The United States Census Bureau estimated in 2019 children younger than 18 made up about 22.3% of the total population. While that includes 17 year olds and 16 year olds who are eligible for the vaccine, that still tells us roughly 80% of the population is eligible for the vaccine.

Polls from the nonprofit Kaiser Family Foundation have found 13% of adults who responded would definitely not get the vaccine and another 7% would only get vaccinated if they were required to. That’s about 20% of the adult population who are unlikely to get vaccinated. If 20% of adults don’t get vaccinated and children don’t get vaccinated either, that leaves about 64% of the population vaccinated. While the threshold needed to reach herd immunity is still unknown, experts have estimated that between 70% and 90% of Americans will need to be vaccinated to reach community immunity.

As of the afternoon of May 3, the Centers for Disease Control and Prevention says 44.4% of the total U.S. population has received at least one dose and 31.8% of the total U.S. population is fully vaccinated.

Clinical trials are currently underway for vaccines for children, first for children 12 and over and now also for children under 12, according to a Yale article about the school’s participation in the trials. The article explains that clinical trials for children take longer than those for adults because of additional safety considerations regarding the development of children’s bodies.

According to news reports, the FDA is expected to approve Pfizer’s vaccine for children 12 and over soon.

THE CLAIM: We know how many people need to get vaccinated to achieve herd immunity



This is false.

No. Public health experts have estimates, but acknowledge that the actual threshold is still unknown and subject to change based on factors including variants, location and behavior.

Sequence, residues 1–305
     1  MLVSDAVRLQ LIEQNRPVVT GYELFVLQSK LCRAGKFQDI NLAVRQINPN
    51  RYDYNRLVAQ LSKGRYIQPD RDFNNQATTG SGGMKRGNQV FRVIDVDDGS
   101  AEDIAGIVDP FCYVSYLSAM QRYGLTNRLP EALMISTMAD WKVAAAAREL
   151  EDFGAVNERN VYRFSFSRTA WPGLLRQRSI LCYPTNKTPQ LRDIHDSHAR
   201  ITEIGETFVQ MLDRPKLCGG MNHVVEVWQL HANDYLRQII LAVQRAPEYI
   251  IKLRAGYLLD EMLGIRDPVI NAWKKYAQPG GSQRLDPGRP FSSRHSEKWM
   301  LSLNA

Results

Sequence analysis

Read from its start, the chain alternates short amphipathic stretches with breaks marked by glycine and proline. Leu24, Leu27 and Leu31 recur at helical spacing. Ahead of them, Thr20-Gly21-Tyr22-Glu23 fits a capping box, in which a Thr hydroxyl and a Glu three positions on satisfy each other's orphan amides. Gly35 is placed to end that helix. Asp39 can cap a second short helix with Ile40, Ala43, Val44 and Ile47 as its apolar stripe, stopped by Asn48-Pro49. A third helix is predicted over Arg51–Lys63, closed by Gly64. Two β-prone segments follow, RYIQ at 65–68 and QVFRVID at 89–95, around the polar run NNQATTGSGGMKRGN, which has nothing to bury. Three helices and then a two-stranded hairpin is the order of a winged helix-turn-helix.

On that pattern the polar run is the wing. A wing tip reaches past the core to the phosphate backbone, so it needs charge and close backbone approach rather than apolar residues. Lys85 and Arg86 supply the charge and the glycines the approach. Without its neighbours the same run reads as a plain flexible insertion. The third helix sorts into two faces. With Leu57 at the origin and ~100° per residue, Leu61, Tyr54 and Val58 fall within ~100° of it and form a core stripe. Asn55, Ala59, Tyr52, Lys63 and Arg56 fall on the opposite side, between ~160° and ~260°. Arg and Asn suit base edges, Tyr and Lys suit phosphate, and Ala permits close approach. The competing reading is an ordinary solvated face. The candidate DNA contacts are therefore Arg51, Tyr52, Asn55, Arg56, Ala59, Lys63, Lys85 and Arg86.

The Centers for Disease Control and Prevention says as of April 28 it is “still learning how many people have to be vaccinated against COVID-19 before most people can be considered protected.” The World Health Organization’s December 31 update said, “the proportion of the population that must be vaccinated against COVID-19 to begin inducing herd immunity is not known. This is an important area of research and will likely vary according to the community, the vaccine, the populations prioritized for vaccination, and other factors.”

Writers from the Johns Hopkins Bloomberg School of Public Health elaborated in early April that when communities reduce their level of interaction, infection rates go down and thus the threshold needed to achieve herd immunity also goes down. Infection rates can go up if a society opens more broadly or the virus mutates to become more contagious, which would mean a larger portion of the population would need to be vaccinated in order to reach herd immunity. Additionally, the virus can spread and mutate in other countries with less vaccinated populations, and those mutations could potentially resist older vaccines, adding a level of unpredictability in calculating herd immunity.

Those writers said at least 70% of the population would need to be vaccinated to reach herd immunity based on what is known so far. An article from University of Missouri Health estimates a higher threshold for herd immunity: 80-90%.

This story is part of our VERIFY Weekly series. Check out other VERIFY Weeklies on our YouTube channel.